Assemblywoman Verlina Reynolds-Jackson (D-Trenton) on Monday introduced a new bill would block a repeat of 1981’s infamous Ballot Security Task Force.
The measure would bar district election board from requesting law enforcement be stationed at polling places, prevent such officers from being assigned to enforce election laws or help carry ballot boxes and make law enforcement officials ineligible to sit on district boards of elections or as challengers.
“We are in unprecedented times in this nation,” Reynolds-Jackson said. “A voter’s right to cast their ballot in person may very well be jeopardized as made clear in the commentary by the President. Voter intimidation tactics and suppression has no place in New Jersey. We’ve seen the punitive effects of these anti-civil rights strategies in other states as well as in New Jersey in the past.”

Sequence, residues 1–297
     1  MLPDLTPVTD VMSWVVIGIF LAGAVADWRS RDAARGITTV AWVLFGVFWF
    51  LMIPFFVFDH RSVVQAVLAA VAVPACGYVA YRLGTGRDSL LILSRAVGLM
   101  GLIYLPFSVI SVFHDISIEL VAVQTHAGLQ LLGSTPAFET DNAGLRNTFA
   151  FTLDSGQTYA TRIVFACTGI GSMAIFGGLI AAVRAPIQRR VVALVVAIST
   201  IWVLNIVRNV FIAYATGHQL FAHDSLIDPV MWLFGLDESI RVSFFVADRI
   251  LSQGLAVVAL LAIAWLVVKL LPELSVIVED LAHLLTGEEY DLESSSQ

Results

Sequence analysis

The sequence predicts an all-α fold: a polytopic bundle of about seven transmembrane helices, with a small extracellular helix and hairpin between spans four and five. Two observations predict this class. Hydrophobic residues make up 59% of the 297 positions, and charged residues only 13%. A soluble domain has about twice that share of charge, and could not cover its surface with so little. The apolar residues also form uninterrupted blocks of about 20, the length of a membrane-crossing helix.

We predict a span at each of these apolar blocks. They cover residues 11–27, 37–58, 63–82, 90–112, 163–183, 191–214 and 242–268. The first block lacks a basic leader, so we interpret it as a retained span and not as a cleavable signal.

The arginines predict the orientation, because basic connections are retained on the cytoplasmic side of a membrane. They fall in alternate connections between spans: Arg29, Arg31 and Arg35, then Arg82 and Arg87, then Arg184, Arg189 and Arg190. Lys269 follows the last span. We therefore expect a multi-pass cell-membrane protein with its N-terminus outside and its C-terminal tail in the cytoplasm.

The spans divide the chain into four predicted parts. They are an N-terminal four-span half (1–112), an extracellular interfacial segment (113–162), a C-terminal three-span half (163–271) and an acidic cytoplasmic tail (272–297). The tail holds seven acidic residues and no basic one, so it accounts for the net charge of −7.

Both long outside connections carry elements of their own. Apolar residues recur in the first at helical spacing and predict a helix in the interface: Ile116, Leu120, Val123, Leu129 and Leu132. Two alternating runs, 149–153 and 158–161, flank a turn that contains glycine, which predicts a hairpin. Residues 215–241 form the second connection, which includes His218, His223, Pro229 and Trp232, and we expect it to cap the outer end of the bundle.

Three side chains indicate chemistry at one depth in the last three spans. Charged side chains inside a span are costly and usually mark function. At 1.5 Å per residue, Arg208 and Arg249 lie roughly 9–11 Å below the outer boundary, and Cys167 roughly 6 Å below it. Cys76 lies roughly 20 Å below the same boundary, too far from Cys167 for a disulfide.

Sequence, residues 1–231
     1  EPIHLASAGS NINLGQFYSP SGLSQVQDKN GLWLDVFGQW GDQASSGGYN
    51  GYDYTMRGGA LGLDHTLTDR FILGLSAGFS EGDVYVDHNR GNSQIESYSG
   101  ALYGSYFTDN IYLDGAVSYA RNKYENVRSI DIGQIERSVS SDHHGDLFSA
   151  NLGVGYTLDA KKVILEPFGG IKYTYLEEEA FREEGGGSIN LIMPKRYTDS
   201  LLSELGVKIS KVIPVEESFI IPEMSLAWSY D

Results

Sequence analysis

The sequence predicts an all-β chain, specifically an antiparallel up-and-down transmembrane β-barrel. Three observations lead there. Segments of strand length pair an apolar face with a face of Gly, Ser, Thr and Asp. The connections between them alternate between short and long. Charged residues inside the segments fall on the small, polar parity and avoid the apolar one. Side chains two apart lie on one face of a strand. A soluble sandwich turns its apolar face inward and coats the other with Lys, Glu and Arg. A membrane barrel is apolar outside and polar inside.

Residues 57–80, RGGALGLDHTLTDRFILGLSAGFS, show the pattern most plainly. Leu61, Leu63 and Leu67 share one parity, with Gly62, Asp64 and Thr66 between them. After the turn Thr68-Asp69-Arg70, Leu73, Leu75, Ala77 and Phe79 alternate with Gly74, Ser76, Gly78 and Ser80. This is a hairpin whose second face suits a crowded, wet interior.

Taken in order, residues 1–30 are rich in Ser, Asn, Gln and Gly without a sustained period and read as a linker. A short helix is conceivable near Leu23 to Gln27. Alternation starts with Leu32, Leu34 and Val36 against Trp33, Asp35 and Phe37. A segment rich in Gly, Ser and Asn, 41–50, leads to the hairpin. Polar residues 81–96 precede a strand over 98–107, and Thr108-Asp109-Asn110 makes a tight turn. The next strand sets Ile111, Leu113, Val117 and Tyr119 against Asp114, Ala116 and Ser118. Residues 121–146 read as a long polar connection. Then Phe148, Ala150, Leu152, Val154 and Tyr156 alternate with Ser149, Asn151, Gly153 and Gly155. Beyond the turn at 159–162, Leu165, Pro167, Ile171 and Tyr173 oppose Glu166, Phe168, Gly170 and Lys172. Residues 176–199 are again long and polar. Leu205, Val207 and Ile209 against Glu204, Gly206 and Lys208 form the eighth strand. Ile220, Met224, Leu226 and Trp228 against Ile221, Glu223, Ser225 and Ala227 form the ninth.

In 1981, the Republican National Committee recruited teams composed of armed off-duty police and sheriffs officers in primarily non-white, Democratic neighborhoods.
The move prompted a lawsuit from the Democratic National Committee, which claimed the task force illegally harassed and intimidated voters, both violations of the Voting Rights Act.
The suit ended with a consent decree barring further such deployments that lapsed in Jan. 2018, and some Democrats now worry that President Donald Trump could move to adopt similar tactics for November’s election.
“Misusing the state’s law enforcement agencies to send messages of intimidation is a partisan ploy to suppress participation in the voting process,” Reynolds-Jackson said. “Residents must always feel safe when going to a polling place and free to cast their ballot.”
The bill has not yet been referred to a committee.